An internal IRS memorandum has provided much-needed clarification on the interaction between the new $500 carryover rule for health FSA plans and eligibility to make contributions to a health savings account (HSA). The conclusions in the memo are generally favorable, but employers wanting to both offer the carryover rule in a health FSA and allow employees to be HSA-eligible will need to carefully design their health FSA plans to take advantage.

Background. In guidance issued last year, the IRS provided limited relief from the use-it-or-lose-it rule that applies to health FSA plans by allowing for a carryover of up to $500 of unused amounts each year. (See my post here.) Among the open questions was how this carryover would affect an individual's eligibility to make HSA contributions and what steps, if any, could be taken to ensure an individual would be HSA-eligible if the individual had a carryover amount. In general, to be HSA-eligible, an individual cannot have any low-deductible health coverage, including coverage under a general-purpose health FSA.

Carryover Affects HSA Eligibility for Entire Year. In this recent memorandum, the IRS confirmed that an individual who has a carryover amount in a general-purpose health FSA is ineligible to contribute to an HSA for the entire carryover year, even after the individual exhausts the balance in the health FSA. For example, if at the end of 2014 an individual has $400 remaining in a general-purpose health FSA and that amount carries over to a general purpose health FSA for 2015, the individual will not be eligible to contribute to an HSA for all of 2015, even if the individual obtains reimbursement of the full $400 in January 2015.

Options. But the IRS also outlined some options for managing the carryover in a way that will allow the individual to remain HSA-eligible in the carryover year.

  1. Elective Carryover to HSA-Compatible FSA. Certain health FSA plans will, by design, allow an individual to remain HSA-eligible. For example, a limited-purpose health FSA that only reimburses dental, vision, and preventive-care expenses is permissible. So is a health FSA that only provides reimbursement after the individual has met their deductible under the associated high-deductible health plan (HDHP). The IRS has confirmed that an individual with a carryover amount in a general-purpose health FSA may elect, prior to the beginning of the plan year, to have that amount carried over to an HSA-compatible health FSA. That individual will then ben HSA-eligible for the entire plan year (assuming all other eligibility requirements are satisfied).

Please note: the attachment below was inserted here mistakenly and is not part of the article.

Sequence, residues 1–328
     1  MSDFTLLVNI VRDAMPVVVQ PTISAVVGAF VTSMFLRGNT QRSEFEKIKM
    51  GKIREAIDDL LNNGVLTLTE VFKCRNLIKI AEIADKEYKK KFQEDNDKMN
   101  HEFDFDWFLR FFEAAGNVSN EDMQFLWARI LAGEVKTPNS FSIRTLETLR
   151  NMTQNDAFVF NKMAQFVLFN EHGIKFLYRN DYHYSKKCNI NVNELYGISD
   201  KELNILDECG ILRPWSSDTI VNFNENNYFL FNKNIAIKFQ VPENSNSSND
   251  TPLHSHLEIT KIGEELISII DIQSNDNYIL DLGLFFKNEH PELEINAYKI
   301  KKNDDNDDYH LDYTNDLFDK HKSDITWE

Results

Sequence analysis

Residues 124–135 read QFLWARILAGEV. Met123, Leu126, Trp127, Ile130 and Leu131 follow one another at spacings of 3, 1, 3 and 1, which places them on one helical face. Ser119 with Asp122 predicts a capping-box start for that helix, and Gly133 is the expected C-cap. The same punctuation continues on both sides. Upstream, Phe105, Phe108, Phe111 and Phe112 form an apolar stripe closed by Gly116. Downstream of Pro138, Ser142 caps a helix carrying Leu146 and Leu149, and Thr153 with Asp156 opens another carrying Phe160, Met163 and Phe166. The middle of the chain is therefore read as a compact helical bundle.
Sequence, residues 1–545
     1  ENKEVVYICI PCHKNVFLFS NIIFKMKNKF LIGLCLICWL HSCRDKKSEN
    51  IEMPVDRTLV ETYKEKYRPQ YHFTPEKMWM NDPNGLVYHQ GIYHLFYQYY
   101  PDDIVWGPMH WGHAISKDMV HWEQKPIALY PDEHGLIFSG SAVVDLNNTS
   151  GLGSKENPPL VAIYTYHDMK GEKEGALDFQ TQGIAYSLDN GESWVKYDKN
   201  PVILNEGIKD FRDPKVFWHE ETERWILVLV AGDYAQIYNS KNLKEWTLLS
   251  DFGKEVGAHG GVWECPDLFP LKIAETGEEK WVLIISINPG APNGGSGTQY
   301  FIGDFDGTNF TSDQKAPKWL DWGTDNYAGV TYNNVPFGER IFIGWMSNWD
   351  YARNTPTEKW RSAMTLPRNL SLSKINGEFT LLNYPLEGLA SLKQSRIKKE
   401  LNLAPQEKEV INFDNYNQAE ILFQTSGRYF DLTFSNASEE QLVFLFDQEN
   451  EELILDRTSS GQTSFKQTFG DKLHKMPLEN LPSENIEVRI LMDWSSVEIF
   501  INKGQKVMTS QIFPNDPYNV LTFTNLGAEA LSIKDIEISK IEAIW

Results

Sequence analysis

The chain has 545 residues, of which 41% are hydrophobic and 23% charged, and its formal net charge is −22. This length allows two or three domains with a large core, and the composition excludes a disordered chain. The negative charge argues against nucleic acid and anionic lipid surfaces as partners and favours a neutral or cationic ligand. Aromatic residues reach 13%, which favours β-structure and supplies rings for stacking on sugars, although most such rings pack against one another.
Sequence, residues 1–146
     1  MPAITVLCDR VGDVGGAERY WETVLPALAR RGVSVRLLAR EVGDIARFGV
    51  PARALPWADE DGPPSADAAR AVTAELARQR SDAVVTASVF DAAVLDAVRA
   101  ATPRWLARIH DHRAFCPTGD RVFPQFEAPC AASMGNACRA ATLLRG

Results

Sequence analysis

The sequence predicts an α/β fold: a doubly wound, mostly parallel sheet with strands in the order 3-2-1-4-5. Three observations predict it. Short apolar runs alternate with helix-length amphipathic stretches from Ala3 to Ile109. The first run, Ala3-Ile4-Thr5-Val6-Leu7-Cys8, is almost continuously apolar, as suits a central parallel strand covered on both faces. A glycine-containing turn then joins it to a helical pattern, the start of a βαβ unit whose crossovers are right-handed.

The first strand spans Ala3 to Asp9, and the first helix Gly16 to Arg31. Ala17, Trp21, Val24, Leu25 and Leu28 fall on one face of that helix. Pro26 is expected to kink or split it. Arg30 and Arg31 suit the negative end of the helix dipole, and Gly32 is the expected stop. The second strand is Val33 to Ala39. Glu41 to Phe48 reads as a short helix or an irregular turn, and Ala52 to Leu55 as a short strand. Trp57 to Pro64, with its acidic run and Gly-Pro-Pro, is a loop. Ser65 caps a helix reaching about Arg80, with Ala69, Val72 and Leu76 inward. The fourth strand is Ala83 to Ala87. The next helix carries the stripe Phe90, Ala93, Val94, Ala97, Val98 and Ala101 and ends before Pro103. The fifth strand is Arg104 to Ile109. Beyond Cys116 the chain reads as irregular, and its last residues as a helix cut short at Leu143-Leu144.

2. Automatic Carryover to HSA-Compatible FSA. A health FSA plan may also provide that an individual who elects HDHP coverage for a plan year will be automatically enrolled in an HSA-compatible health FSA and any carryover amount will automatically carryover to the HSA-compatible health FSA.
  3. Election to Decline Carryover. A health FSA plan may give an individual an election, prior to the beginning of the plan year, to decline any carryover that might otherwise apply. (The declined carryover amounts would be forfeited.) The individual would then be HSA-eligible for the entire carryover year.

Relationship to Runout Period. The IRS's memorandum also clarified that an individual who is carrying over an amount from a general-purpose health FSA to an HSA-compatible health FSA can continue to obtain reimbursement during the runout period of general expenses incurred before the end of the prior plan year. For example, assume an individual has a $600 balance remaining in a general-purpose health FSA on December 31, 2014. The individual elects to have any carryover credited to a limited-purpose health FSA for 2015 and also elects to contribute $1,000 to the limited-purpose health FSA for 2015. The individual incurs $1,100 in dental expenses during January 2015 and is immediately reimbursed for $1,000 of those expenses. In February 2015 (during the runout period for 2014), the individual submits a claim for reimbursement of $200 of medical expenses incurred in 2014 and is reimbursed out of the $600 balance remaining at the end of 2014. At the end of the runout period for 2014, the $400 balance remaining for 2014 carries over to the limited-purpose health FSA for 2015, and the individual obtains reimbursement of the remaining $100 in dental expenses incurred in January 2015. And all is right and good in the world.

The IRS's memorandum outlining these principles is here.